Storm clouds gathered above the arena pouring rain upon its muddied surface. Suddenly there was a spontaneous crackling of lightning and a sudden explosion of pyrotechnic light. As the smoke dissipated, an ancient symbol emerged out of the ground along with a strange man playing a guitar. This was no mere man, this man was a prince, and as he played his strange guitar the symbol turned purple and so did the rain. It was fitting then that the song was “Purple Rain,” that the prince was in fact the artist once again referred to as Prince, and the arena was none other than Dolphin Stadium in Miami as the halftime show for Super Bowl XLI was well underway.
No other cultural event in the Western world melds a violent sport, corporate sponsorship, musical concerts, and random celebrities in such a spectacular and decadent display of American culture simultaneously at both its best and worst. Only at the Superbowl do beer commercials contain more footage of talking frogs or farting horses than the lager itself. Only here can we see Janet Jackson bare her left nipple in front of everyone. Only here does Jessica Simpson feel liberated enough to insult her own intelligence (oh wait…). And it is only here that former Presidents meet, giant American flags are unfurled, and aircraft fly over in formation proclaiming that the season is over and the mission will soon be accomplished (oh wait…). Yes, once again my fellow Americans, the Super Bowl has come and gone.
By the time you read this the whole world will know that the Indianapolis Colts under the leadership of Peyton Manning (R-IN) has won. But really, it doesn’t make a difference who wins; the Super Bowl is about a lot of things, the least of which is the game itself. Instead the Super Bowl embodies a greater idea, that corporate America can somehow create an artificial celebration, indeed an artificial holiday, and have it unite a people. It is no wonder that the commercials are often more fondly remembered than the plays. This year the ads ranged from the typical, including talking animals that fart, to the surreal. In one, a car factory robot kills itself after GM lays it off, only to wake up and realize it was all a dream. (The real life humans the robot replaced, of course, will never wake up after their dreams became nightmares.) As I sat there mystified by this cornucopia of America, I had a new realization.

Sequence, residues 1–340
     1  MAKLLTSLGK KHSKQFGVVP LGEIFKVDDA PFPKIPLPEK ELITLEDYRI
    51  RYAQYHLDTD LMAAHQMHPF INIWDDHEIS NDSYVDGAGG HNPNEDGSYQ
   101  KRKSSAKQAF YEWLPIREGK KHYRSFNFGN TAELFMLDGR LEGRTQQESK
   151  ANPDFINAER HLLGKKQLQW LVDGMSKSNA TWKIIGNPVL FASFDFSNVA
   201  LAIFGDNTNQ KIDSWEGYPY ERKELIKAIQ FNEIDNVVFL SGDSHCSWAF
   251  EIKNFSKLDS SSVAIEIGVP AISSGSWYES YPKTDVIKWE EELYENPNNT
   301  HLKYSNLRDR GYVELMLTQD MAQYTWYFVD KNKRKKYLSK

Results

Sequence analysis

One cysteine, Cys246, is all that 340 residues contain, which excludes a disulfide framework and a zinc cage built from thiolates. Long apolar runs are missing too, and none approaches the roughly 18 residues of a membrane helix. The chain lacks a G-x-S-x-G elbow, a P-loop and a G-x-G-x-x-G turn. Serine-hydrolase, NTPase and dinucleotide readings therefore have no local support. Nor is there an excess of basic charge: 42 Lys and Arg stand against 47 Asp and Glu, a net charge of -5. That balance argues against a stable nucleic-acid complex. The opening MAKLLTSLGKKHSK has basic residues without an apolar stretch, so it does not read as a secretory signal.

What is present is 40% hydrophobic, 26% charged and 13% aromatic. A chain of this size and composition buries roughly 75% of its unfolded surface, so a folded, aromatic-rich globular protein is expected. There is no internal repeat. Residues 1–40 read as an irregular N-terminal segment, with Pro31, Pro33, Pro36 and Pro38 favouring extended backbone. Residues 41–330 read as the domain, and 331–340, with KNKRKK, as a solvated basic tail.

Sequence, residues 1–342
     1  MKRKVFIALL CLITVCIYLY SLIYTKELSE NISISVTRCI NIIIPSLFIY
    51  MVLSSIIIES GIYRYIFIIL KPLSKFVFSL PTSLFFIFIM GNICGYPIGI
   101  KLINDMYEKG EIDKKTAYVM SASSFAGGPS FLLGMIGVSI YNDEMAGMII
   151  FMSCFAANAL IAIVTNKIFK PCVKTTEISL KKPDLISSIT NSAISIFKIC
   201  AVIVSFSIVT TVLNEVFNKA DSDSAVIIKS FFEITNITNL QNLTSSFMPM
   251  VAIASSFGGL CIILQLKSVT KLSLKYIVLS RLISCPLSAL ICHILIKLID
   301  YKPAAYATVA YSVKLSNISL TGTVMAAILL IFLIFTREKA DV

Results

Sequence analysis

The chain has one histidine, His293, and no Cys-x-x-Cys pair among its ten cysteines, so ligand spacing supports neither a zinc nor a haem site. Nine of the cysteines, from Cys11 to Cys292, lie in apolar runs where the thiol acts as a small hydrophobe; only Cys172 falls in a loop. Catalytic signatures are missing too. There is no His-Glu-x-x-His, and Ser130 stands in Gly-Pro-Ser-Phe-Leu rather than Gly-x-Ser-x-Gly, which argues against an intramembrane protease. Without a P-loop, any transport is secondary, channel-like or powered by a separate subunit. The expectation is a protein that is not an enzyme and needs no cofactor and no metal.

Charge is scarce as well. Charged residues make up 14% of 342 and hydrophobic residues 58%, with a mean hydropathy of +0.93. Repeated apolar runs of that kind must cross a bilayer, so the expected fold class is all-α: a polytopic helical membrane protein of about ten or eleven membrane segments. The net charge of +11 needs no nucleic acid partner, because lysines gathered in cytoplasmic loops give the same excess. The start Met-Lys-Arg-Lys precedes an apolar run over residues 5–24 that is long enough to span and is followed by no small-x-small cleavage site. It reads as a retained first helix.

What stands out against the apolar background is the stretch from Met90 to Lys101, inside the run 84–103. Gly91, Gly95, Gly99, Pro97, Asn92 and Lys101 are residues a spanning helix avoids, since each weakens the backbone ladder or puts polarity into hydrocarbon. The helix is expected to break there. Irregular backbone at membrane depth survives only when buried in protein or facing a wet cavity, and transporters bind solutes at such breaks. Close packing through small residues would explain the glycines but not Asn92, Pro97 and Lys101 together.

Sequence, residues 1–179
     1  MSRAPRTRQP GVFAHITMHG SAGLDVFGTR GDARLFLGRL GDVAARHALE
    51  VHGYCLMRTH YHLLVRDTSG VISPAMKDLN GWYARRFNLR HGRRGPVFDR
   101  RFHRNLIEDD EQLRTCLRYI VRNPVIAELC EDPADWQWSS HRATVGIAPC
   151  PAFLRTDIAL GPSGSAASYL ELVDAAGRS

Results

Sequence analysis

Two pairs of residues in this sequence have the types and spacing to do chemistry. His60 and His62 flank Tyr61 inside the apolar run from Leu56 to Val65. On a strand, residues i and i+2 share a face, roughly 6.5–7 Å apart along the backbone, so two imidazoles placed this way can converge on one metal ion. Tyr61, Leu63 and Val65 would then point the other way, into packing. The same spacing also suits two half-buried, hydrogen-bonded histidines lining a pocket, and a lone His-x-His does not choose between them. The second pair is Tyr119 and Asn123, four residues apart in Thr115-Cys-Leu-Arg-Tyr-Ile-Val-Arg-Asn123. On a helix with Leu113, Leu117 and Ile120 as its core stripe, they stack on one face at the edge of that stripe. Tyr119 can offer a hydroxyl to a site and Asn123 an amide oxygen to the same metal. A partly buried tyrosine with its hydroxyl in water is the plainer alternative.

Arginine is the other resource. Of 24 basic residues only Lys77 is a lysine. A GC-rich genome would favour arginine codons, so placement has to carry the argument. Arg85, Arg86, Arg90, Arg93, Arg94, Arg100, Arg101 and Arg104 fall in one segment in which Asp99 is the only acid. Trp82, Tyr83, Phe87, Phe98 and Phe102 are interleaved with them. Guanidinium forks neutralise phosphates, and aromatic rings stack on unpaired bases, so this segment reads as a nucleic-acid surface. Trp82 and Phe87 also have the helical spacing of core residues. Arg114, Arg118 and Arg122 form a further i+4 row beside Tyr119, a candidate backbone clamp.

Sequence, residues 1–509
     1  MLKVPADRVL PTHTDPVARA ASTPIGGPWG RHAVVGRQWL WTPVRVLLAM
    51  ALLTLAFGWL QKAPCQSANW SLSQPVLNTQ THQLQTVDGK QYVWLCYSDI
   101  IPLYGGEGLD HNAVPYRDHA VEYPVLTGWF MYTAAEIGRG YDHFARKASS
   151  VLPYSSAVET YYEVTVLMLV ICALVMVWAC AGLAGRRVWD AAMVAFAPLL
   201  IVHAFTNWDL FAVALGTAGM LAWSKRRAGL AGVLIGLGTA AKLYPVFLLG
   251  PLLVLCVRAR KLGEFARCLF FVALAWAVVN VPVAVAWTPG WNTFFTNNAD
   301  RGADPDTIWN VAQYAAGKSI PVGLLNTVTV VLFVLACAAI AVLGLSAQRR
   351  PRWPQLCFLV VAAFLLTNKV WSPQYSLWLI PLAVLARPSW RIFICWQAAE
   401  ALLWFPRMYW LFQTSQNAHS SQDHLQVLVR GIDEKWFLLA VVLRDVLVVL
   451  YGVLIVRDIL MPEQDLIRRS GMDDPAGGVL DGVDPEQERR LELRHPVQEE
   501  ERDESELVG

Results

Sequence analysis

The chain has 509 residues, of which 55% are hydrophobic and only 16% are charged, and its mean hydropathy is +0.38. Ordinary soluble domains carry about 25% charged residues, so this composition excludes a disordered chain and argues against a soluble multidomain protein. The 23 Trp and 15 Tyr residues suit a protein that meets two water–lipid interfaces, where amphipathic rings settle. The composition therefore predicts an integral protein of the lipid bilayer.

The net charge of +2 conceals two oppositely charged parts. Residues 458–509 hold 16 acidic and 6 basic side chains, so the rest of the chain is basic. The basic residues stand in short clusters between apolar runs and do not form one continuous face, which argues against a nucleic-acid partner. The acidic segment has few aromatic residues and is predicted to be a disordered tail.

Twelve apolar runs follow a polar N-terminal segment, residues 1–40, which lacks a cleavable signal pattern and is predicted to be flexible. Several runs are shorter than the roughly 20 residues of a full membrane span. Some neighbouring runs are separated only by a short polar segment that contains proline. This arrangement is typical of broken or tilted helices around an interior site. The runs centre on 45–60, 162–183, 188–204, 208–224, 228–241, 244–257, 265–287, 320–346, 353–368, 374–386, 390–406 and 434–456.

I remembered we were a nation at war. That what we needed in this time of trouble was a celebration like this, as artificial and soulless as it might be, to bring us all together. I remembered we had an awesome god in the blue states and gay friends in the red states. I remembered the great words of John Belushi when he asked, “Did we give up when the Germans bombed Pearl Harbor?” No, we didn’t, and we wouldn’t give up now. I remembered that Martin Luther King had a dream that one day blacks would coach the two Super Bowl teams to victory, and that he dreamt the media and corporate America would mark it as a sign of progress even though black neighborhoods from the South Side to the Ninth Ward were in shambles. I remembered that Christ, invoked by both the Colts owner and the coach during their acceptance speeches, truly did unite both coaches and all the players, who, after pounding each other to the ground, embraced each other and their Savior. But then I remembered that even though Peyton got his ring and those storm clouds cleared, allowing Prince to ride his majestic stage back to obscurity, there were still no great leaps for mankind. This was not a great moment in history, and it was still only a game.